Workshop Conducting For Orthodontists From Nepal

A study workshop conducting for orthodontists from Nepal on treating cleft anomaly; which showing more than 100 orthodontists from across the country and Nepal attending the training. The workshop emphasising the need for interdisciplinary care; and providing the delegates with a complete treatment template starting from antenatal counselling; through adulthood and extending beyond marriage in the form of genetic counselling.

As more than 100 orthodontists from across the country; and Nepal to provide comprehensive treatment for facial deformities in children like cleft lip. Specialists from medical and dental fraternity, including plastic surgeons, cleft orthodontists, pediatricians, clinical geneticist and clinical psychologists, contributed as course faculty to sensitise participants about complete protocols of cleft treatment with greater emphasis on correcting deformities of face due to poor dental alignment and unintelligible speech.

Workshop conducting for orthodontists

Cleft lip or cleft palate is a condition when the two sides of the lip, developing in an unborn baby, do not completely fuse. It adversely affects nutrition, leads to chest infections, ear problems, poor speech and inability in proper chewing. The abnormal arrangement of teeth, poor jaw relations and facial aesthetics make a child socially and functionally handicap. Cleft lip and palate anomaly constitute nearly one-third of all congenital malformations of the craniofacial region; with an average worldwide incidence of one in 700.

Its incidence in the Asian population is reporting to be around 1.7 per 1,000 live births or higher. In India, more than 35,000 cleft children are born every year; and they add to huge existing patients, many of whom may not have received the required comprehensive treatment. But only a fortunate few have the opportunity to get comprehensive cleft care.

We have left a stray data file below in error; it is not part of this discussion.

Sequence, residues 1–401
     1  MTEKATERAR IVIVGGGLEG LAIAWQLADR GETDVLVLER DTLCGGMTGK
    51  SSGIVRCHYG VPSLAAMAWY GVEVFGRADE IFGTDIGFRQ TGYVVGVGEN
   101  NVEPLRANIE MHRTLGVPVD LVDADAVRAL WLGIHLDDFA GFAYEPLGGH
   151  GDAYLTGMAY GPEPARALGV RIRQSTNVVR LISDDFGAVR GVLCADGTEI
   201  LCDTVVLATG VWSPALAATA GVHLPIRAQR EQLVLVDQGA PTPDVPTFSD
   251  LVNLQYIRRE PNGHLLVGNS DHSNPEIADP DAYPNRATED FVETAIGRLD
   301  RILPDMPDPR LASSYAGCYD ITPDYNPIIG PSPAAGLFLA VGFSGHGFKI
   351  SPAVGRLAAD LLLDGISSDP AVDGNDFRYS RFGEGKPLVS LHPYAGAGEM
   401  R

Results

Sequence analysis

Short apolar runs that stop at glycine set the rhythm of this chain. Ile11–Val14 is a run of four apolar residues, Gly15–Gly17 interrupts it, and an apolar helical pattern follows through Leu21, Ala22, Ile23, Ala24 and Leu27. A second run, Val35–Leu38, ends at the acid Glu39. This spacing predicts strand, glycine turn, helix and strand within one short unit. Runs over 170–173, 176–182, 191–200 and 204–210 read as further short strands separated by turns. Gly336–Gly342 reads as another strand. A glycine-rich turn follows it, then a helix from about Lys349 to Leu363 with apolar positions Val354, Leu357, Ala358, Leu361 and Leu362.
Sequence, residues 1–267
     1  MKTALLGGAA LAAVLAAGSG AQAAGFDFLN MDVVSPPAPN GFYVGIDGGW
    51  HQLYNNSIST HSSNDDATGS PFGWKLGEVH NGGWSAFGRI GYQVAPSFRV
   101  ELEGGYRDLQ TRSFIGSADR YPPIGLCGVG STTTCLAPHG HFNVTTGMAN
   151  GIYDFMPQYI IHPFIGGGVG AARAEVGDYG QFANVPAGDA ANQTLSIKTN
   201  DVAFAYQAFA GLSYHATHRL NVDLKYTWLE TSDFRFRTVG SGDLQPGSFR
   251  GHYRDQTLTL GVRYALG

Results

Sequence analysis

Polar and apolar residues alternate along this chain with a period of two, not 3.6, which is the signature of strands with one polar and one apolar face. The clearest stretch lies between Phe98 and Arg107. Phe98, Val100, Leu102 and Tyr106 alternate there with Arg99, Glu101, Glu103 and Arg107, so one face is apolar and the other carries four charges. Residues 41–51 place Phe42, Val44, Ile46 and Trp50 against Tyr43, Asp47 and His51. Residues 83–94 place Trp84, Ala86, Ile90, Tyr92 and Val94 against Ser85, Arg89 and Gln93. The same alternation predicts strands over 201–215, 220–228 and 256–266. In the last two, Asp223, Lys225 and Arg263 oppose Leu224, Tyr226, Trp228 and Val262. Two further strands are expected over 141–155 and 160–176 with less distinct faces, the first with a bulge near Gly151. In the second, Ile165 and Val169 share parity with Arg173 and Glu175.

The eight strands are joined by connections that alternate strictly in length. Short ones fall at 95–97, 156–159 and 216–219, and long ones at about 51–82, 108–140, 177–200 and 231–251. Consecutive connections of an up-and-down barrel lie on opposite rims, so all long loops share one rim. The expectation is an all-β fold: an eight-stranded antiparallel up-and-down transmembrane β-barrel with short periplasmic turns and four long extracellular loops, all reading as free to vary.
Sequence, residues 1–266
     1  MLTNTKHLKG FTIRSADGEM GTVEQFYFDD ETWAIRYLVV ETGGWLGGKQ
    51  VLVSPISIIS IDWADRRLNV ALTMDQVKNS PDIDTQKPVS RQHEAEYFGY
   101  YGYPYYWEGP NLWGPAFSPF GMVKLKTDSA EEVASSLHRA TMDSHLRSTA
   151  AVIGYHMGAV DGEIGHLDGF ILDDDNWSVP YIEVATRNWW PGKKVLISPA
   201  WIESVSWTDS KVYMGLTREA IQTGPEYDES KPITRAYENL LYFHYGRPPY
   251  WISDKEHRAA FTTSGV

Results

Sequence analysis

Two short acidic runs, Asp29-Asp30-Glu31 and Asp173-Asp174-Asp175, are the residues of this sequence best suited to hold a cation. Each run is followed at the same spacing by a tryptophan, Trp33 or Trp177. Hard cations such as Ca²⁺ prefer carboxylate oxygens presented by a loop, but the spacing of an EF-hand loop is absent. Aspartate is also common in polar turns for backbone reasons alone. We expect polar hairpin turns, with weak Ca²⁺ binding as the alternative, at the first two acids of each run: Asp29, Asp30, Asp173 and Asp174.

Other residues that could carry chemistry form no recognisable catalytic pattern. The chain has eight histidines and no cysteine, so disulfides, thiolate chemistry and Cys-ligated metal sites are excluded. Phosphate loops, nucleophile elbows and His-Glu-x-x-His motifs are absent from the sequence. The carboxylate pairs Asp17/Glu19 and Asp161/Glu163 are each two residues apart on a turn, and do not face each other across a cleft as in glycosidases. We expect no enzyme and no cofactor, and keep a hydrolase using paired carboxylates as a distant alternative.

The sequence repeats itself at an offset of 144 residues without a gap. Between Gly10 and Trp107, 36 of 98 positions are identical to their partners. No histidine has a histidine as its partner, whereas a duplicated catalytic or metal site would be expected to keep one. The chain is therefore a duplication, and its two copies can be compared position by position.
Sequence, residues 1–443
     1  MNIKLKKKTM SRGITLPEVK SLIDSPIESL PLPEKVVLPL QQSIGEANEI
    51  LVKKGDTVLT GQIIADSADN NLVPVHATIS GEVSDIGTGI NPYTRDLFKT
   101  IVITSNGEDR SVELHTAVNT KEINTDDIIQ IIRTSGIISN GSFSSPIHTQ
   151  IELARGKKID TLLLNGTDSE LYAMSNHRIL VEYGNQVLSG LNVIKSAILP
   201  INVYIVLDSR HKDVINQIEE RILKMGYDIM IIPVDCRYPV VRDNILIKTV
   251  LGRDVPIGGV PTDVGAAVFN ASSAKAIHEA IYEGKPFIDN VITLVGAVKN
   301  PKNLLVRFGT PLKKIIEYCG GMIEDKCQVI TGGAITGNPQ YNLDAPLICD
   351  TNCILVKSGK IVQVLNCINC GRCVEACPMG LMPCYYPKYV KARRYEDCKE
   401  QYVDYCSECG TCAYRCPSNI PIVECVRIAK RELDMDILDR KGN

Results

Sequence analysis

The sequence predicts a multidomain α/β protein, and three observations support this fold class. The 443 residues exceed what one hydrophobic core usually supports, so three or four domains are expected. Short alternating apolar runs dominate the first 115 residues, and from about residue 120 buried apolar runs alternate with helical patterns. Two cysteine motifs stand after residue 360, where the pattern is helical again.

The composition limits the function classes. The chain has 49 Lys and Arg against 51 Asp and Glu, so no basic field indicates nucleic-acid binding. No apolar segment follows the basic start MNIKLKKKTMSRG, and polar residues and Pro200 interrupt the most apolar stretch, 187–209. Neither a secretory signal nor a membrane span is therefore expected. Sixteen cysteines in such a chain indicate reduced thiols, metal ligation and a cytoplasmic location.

Awareness of interdisciplinary care

To spread awareness of interdisciplinary care and improve the quality of treatment, it is  essential to train different specialists involving in cleft care about protocols of treatment. But the three-day workshop, built as first of its kind, was held in collaboration with the Indian Orthodontic Society recently. It trained over 100 orthodontists from different parts of the country and Nepal. But the workshop emphasised the need for interdisciplinary care and provided the delegates with a complete treatment template starting from antenatal counselling through adulthood and extending beyond marriage in the form of genetic counselling.

But these orthodontists, who have been training on treatment protocols about cleft lip and palate anomalies; are expecting to spearhead multidisciplinary cleft care teams; in their districts to provide comprehensive treatment for improving esthetics; treat dental alignments and support speech to help cleft children lead a normal life.